Dutch 'living coffin' aims to provide source for life after death
Loop Cocoon casket is made of mycelium, the underground root structure of mushrooms
A Dutch startup has created a biodegradable "living coffin" made of a fungus instead of wood that it says can convert a decomposing human body into key nutrients for plants.
Loop company says its casket is made of mycelium, the underground root structure of mushrooms, and filled with a bed of moss to stimulate decomposition.
"Mycelium is nature's biggest recycler," Bob Hendrikx, creator of the living coffin.
"It's continuously looking for food and transforming it into plant nutrition."
Mycelium also devours toxins and turns them into nutrients.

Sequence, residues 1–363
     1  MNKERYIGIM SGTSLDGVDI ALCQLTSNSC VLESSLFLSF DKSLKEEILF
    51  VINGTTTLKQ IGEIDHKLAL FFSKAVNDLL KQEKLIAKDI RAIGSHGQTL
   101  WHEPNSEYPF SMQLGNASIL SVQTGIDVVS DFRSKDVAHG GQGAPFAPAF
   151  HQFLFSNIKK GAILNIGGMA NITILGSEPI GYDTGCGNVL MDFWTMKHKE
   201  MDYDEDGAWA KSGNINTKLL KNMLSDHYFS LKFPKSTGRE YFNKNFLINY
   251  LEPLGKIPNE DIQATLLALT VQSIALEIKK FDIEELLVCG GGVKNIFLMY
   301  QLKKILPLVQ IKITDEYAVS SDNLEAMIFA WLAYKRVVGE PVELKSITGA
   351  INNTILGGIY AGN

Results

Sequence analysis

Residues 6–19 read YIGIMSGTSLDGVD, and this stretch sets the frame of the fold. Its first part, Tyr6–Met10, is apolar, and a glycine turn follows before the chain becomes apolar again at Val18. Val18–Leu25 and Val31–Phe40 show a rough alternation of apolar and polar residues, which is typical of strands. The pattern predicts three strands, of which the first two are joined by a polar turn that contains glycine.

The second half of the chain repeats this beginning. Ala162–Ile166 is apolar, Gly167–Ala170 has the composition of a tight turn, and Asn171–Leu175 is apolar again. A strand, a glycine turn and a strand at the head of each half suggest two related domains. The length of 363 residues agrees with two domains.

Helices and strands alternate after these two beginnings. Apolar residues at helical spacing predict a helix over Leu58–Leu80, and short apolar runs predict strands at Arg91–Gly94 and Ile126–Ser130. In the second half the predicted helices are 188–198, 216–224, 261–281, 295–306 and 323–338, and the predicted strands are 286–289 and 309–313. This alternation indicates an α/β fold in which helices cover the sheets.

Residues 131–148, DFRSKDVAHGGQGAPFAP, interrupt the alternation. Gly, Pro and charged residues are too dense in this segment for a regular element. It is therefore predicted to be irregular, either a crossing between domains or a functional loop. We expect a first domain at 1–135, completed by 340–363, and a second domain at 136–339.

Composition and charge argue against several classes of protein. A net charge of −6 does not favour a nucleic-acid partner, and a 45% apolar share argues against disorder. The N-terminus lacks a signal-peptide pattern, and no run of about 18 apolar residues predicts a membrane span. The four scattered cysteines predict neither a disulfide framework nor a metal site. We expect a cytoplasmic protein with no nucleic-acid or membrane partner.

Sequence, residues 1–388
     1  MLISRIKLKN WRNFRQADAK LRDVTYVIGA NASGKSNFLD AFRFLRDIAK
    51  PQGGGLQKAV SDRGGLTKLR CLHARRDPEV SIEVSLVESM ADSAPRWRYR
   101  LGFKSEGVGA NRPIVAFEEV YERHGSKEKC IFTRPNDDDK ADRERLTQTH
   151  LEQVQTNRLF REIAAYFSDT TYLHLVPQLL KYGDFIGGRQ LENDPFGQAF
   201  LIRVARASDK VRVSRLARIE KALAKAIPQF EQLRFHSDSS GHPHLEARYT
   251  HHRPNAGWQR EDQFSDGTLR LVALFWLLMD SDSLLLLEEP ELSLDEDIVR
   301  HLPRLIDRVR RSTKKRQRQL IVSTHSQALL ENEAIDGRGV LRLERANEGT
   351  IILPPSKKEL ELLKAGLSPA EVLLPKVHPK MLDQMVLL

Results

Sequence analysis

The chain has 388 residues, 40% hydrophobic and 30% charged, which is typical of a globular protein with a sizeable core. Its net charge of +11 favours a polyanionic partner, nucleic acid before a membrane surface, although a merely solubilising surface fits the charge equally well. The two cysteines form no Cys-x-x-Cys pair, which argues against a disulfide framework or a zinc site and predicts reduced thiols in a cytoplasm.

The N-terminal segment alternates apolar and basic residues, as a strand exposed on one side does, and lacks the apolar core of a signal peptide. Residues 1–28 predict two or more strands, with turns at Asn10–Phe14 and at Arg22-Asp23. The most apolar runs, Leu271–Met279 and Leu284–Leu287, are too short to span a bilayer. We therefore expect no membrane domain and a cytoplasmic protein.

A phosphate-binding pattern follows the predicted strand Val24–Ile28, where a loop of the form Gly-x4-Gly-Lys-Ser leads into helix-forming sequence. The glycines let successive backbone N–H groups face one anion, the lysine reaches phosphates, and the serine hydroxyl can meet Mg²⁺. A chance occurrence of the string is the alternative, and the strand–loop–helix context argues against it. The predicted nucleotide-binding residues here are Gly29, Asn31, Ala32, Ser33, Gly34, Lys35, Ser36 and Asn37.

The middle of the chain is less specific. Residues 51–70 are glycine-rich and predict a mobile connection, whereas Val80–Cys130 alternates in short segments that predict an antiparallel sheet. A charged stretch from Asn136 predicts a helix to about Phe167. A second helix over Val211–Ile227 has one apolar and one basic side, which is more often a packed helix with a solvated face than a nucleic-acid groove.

"It's used in Chernobyl to clean up the soil there from the nuclear disaster," Hendrikx said.
"And the same thing happens in our burial places, because the soil is super polluted there and mycelium really likes metals, oils and microplastics."
The coffin is grown like a plant within the space of a week at the company's lab at the Delft University of Technology by mixing mycelium with wood chips in the mould of a coffin.
After the mycelium has grown through the wood chips, the coffin is dried and has enough strength to carry a weight of up to 200 kilograms.
Once buried, interaction with ground water will dissolve the coffin within 30 to 45 days. Decomposition of the body is estimated to take only two to three years, instead of the 10 to 20 years it takes with traditional coffins.
Loop has so far grown and sold 10 living coffins, Hendrikx said, for 1,500 euros ($2,340 Cdn) a piece.
"When the living coffin is in the ground you can even water it, add seeds, and you can decide what tree you want to become."